On Biased Technical Change: Was technological change in Japan electricity-saving?
AbstractSince the Great East Japan Earthquake, electricity generation has declined in Japan, and electricity prices have allegedly increased. The literature on biased technical change suggests that such electricity supply constraints may induce a biased technical change. This paper explores the extent to which the technical change in Japanese industries is biased, using a system of translog cost share equations where electricity and non-electric energy are separately treated as inputs. Using Japanese industry data over the 1973-2008 period, our findings confirm that technical change has been energy-saving but not electricity-saving in many industries, and that it tends to be labor-saving and capital-using. As a result, factor prices are much more important than technical change as a determinant of electricity's cost share.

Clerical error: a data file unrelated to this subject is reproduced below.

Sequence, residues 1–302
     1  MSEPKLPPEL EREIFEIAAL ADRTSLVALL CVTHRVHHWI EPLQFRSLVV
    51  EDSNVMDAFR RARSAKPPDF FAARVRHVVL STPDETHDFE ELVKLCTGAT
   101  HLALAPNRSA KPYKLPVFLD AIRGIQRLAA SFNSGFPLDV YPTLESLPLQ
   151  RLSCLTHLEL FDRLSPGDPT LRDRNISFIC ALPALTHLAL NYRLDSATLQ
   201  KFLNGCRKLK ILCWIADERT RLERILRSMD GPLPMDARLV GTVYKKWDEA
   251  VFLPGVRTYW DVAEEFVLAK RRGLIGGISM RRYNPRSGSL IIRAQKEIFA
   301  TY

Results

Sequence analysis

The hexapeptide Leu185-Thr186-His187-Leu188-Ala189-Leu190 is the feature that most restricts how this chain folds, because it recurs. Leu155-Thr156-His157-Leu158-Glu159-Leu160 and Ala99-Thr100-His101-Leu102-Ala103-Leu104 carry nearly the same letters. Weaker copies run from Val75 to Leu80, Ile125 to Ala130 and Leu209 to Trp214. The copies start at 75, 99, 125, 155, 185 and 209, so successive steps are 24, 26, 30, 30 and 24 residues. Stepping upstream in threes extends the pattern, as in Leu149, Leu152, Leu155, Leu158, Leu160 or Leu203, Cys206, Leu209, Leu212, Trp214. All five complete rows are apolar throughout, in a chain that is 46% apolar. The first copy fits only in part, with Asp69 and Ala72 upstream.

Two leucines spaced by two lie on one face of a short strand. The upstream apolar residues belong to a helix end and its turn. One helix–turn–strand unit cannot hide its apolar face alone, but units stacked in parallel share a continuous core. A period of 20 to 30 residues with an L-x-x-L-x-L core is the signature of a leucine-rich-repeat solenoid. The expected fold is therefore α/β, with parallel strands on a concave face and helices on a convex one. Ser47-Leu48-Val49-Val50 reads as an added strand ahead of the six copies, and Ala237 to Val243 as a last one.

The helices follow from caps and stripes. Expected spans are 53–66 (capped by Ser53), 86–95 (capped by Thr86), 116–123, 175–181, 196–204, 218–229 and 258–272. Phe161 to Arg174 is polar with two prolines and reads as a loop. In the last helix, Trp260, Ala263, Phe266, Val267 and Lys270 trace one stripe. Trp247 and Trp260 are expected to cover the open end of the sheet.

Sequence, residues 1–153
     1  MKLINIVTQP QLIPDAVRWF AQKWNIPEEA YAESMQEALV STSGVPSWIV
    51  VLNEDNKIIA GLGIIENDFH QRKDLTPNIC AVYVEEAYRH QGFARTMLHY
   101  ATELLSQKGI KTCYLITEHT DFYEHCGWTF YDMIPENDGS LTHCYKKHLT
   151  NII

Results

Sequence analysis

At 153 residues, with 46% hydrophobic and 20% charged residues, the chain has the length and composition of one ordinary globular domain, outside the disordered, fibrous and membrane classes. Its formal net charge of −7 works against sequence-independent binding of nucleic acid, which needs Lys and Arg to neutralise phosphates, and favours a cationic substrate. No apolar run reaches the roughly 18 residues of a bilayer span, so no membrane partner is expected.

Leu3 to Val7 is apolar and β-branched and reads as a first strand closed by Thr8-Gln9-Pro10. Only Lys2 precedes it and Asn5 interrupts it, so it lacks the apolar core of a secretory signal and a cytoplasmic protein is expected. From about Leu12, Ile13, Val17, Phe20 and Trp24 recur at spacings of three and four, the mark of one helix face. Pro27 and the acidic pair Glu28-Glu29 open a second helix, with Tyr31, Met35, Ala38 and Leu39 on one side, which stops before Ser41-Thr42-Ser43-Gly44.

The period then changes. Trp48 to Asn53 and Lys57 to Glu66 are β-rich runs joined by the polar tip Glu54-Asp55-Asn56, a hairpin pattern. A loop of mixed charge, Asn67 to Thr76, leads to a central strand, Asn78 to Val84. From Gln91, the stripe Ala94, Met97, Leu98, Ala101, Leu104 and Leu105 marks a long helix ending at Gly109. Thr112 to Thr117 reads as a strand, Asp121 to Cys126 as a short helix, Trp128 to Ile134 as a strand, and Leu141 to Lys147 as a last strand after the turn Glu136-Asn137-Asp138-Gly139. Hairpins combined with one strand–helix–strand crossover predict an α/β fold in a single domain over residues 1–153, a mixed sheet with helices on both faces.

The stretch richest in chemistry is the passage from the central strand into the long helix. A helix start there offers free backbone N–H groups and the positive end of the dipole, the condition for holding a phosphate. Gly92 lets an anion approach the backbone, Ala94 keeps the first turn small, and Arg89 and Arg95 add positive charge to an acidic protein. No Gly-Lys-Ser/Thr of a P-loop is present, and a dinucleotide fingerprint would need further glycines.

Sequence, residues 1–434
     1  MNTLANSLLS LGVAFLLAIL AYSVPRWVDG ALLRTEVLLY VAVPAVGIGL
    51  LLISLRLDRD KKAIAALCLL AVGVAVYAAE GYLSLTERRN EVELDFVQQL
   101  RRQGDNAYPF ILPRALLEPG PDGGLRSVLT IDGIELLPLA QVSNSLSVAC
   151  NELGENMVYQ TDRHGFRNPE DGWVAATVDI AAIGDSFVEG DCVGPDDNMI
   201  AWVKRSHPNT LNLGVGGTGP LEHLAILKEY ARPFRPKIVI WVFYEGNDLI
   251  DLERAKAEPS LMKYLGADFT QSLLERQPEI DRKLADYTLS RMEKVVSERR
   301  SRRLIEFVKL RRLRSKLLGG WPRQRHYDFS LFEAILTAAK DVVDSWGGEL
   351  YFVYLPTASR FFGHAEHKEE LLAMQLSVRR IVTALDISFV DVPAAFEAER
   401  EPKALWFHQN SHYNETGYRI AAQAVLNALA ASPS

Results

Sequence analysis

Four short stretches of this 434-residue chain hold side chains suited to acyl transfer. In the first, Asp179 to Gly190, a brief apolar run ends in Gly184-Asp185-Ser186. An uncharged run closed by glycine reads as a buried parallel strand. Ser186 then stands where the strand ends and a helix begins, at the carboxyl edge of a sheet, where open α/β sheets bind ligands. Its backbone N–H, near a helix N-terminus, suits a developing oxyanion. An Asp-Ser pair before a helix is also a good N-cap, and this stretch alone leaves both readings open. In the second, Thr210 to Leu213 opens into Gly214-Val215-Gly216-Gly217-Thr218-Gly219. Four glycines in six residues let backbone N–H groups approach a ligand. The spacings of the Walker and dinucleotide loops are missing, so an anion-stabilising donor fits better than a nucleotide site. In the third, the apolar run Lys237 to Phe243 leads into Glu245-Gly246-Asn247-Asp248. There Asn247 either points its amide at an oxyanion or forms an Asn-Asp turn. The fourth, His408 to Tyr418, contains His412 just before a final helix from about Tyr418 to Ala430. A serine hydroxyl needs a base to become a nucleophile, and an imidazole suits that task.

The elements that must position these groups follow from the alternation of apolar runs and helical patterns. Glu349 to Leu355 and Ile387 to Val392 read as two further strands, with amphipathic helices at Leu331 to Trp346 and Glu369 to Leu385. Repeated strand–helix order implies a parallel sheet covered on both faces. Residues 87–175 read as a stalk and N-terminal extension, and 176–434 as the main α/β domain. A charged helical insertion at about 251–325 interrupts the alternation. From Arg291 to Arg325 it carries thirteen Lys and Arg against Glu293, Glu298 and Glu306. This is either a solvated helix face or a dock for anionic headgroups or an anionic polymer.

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Bibliographic InfoPaper provided by Research Institute of Economy, Trade and Industry (RIETI) in its series Discussion papers with number 13077.
Length: 37 pages
Date of creation: Sep 2013
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This paper has been announced in the following NEP Reports:
- NEP-ALL-2013-09-13 (All new papers)
- NEP-EFF-2013-09-13 (Efficiency & Productivity)
- NEP-ENE-2013-09-13 (Energy Economics)
Please report citation or reference errors to , or , if you are the registered author of the cited work, log in to your RePEc Author Service profile, click on "citations" and make appropriate adjustments.:
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